Nova Labs, the Reston-based maker space, is holding an open house for its new “low-impact workspace.”
Nova Labs is opening GreenBay, a section of the shop that will house green, low-impact tools and a stand-up classroom for hands-on shop classes.
The free open house is Monday, Oct. 12 (Columbus Day holiday) from 11 a.m. to 3 p.m.
There will be food and beverages, open house hours, shop tours, woodworking demonstrations, and more. Tools with a green safety rating are available to anyone who completes the New Member Orientation class, which is open to all.
Nova Labs is a membership-based work space with a 10,500-square-foot facility at 1916 Isaac Newton Square. The space has classrooms, workspace, incubator offices and a shop that includes both common tools and advanced fabrication equipment.
Members enjoy 24-7 access and help teach classes, maintain equipment, and promote making in the community. Nova Labs offers classes in programming and engineering fundamentals; building and using devices such as 3D printers, drones, laser cutters, and robots; and fundamental engineering and prototyping skills such as wood working and carbon fiber mold making.
They also sponsor the NoVa Mini Maker Faire held in Reston in the spring.
More than 100 presenters will be at the event, organized by Reston’s Nova Labs, Sunday from 10 a.m. to 5 p.m. at South Lakes High School and Langston Hughes Middle School.
Here is what you need to know:
Makers will share their knowledge through hands-on projects for adults and kids on topics from blacksmithing and primitive skills to 3D printing, drones and robots to building customized equipment for special needs children to creative art-making.
Makers will be grouped in neighborhoods by their topic. Neighborhoods include: Young Makers, Creativity Lane, Drone Zone, Robotics, 3D Printing Village, Science Lab, Flight Path, Sustainability Village, and more.
A complete list of makers can be found on the event’s website.
There will also be five hands-on activities: Nerdy Derby; Catapults and Ballistas; KEVA Planks; GEMS Take Apart Zone; and Demo-Vation with UpCycle Creative Reuse Center.
Nerdy Derby is a no-rules miniature car building and racing competition. In the Catapults and Ballistas, you can explore trajectory, torsion, torque, force, and materials using safe tools. KEVA Planks are small building blocks to use to build and explore; In the GEMS Take Apart Zone, you can disassemble machines to explore how things work. Demo-Vation with UpCycle Creative Reuse Center you can create something new out of discarded elements.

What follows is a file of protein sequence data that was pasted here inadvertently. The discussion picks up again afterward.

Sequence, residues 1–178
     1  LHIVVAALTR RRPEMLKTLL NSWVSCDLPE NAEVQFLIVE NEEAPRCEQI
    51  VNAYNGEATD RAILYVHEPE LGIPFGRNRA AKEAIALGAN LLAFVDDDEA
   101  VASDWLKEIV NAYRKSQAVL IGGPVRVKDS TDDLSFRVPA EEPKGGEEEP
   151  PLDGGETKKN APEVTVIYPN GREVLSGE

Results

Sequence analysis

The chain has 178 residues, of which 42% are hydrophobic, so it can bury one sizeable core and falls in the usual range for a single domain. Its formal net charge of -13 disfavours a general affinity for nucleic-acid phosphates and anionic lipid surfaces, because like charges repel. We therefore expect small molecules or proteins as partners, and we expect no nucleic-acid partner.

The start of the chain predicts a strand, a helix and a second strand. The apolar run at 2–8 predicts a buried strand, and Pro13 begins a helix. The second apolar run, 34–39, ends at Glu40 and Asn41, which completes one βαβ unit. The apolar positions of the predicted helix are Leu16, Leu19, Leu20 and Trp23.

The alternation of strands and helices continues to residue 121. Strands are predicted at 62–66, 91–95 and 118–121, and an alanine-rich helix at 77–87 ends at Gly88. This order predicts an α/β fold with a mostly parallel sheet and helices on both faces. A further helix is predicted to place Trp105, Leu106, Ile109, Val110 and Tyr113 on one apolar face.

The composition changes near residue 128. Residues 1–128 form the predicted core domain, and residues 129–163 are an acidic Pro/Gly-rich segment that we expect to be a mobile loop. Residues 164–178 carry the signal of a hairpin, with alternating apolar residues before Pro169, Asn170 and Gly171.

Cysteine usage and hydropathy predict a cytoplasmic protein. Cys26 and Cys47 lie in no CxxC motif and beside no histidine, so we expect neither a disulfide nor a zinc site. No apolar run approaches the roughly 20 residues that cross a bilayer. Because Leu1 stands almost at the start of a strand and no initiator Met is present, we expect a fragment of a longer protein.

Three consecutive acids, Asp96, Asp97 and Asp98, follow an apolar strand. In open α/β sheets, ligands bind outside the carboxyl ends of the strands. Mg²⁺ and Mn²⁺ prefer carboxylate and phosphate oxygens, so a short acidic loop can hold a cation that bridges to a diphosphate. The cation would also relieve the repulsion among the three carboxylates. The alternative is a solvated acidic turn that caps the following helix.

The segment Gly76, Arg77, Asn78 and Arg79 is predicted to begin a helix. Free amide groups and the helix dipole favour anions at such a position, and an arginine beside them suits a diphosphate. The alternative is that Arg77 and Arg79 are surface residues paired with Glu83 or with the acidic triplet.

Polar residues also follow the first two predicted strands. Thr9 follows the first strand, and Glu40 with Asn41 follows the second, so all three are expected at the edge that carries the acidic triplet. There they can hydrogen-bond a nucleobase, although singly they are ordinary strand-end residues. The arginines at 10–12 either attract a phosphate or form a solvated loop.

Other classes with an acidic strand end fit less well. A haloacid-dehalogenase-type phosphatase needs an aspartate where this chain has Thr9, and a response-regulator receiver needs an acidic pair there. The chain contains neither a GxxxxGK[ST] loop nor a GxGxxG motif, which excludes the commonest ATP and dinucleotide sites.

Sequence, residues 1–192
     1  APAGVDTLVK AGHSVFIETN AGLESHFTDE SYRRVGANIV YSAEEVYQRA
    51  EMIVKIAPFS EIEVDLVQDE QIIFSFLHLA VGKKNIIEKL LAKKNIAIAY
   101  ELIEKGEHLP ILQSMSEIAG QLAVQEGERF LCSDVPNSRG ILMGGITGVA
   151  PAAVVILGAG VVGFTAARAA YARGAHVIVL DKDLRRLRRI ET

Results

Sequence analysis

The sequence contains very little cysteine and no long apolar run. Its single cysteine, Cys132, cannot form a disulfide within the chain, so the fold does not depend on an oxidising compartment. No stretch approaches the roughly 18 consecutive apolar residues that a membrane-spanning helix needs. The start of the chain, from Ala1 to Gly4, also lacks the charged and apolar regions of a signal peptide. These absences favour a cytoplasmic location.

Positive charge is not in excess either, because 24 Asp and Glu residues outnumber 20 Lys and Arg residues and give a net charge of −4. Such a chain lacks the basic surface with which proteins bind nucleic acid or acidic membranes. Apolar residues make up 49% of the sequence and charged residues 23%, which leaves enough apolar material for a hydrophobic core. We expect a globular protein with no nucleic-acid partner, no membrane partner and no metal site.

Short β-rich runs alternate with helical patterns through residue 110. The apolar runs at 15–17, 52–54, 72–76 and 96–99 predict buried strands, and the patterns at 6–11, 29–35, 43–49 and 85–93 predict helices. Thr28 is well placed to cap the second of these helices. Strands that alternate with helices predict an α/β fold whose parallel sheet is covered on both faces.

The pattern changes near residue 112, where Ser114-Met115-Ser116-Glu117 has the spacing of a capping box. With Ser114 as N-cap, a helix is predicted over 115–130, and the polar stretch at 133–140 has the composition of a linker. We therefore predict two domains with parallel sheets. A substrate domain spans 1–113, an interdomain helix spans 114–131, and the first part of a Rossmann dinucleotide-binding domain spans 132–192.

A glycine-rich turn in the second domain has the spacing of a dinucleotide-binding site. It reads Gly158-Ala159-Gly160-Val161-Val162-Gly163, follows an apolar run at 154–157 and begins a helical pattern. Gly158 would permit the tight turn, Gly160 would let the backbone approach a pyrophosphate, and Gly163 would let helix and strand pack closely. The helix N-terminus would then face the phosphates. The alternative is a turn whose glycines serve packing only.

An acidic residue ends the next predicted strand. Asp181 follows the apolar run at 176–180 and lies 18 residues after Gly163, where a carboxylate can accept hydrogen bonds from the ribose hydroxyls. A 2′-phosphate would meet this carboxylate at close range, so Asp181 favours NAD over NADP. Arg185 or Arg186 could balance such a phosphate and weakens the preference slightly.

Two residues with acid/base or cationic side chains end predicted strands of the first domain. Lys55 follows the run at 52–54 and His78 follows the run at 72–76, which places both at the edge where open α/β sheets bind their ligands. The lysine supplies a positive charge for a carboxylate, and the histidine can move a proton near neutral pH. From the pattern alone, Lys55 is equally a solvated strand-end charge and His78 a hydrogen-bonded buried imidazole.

There will be eight speakers including: Dr. Lance Bush, CEO of The Challenger Center for Space Science Education; Jennifer Gluck who creates DIY adaptive equipment for special needs children; Vicky Somma, winner 2014 White House 3D Printed Design Challenge; and Chris Vo, Chief Scientist at Sentien Robotics and President of DC Area Drone User Group.
The Faire has a mobile website with a map, schedule, listing of makers, speaker schedule and other information.
Food will be available for sale on site by area food trucks. Among them: Doug the Food Dude, Fava Pot, Hardy BBQ, Mama’s Donut Bites and Tasty Kabob.
Advance tickets are available online. Tickets are $15 for adults and $5 for children through March 14, 2015. Tickets at the door are $20 for adults and $8 for children.
Photo of 2014 Mini Maker Faire/Credit: Frank Sogandares
Hundreds of inventors, students, crafters and people who want to learn about them are expected at South Lakes High School and Langston Hughes Middle School Sunday for the inaugural Nova Mini Maker Faire.
The Mini Maker Faire is the idea of Nova Labs, a non-profit Maker Space in Reston. Nova Labs has a regular mission to provide the community a workshop where people can learn, teach, and collaborate on creative and technical works, and to promote the usefulness of competence in the technical arts, says Nova Labs president Brian Jacoby.
Nova Labs regularly hosts learning sessions on robotics, electronics, 3D printing, programming, woodworking, yarn & fabric arts and many other maker topics. Different memberships level offer opportunities to learn from others and used the lab’s space, tools and equipment.
The Mini Maker Faire expands on that mission.
“All kids — and adults — need more encouragement to follow their curiosity and be innovative problem solvers,” Jacoby said in a press release. “The Mini Maker Faire celebrates working with raw materials, engaging kids’ minds, and helping them to become critical thinkers.”
Here is what you need to know:
* The event runs from 11 a.m. to 4 p.m.
* Tickets are $8 for children and $20 for adults.
* There will be more than 99 booths with all sorts of hands-on activities. Among them:
- Aluminum Aerogami (a combination of origami and model airplane building from aluminum cans)
- 3D scanning and printing of you
- Musical instrument maker
- Snoopy Robot
- Solar- powered Car
- Light-up sewing
- Hand-spinning yarn
- Kinetic, wearable, and electronic art
- Science experiments you can do at home by Gravity is Optional
- Spy gadgets by the International Spy Museum
Visit the Mini Maker Faire website for a full list of makers.
* NOTE: There will be no parking at the schools. Shuttle buses will run from the Herndon Monroe Park and Ride.
Photo: Students from Thomas Jefferson High School for Science and Technology will have a rocketry exhibit where others can try out stomp rockets at the Nova Mini Maker Faire Saturday. Credit: Nova Mini Maker Faire.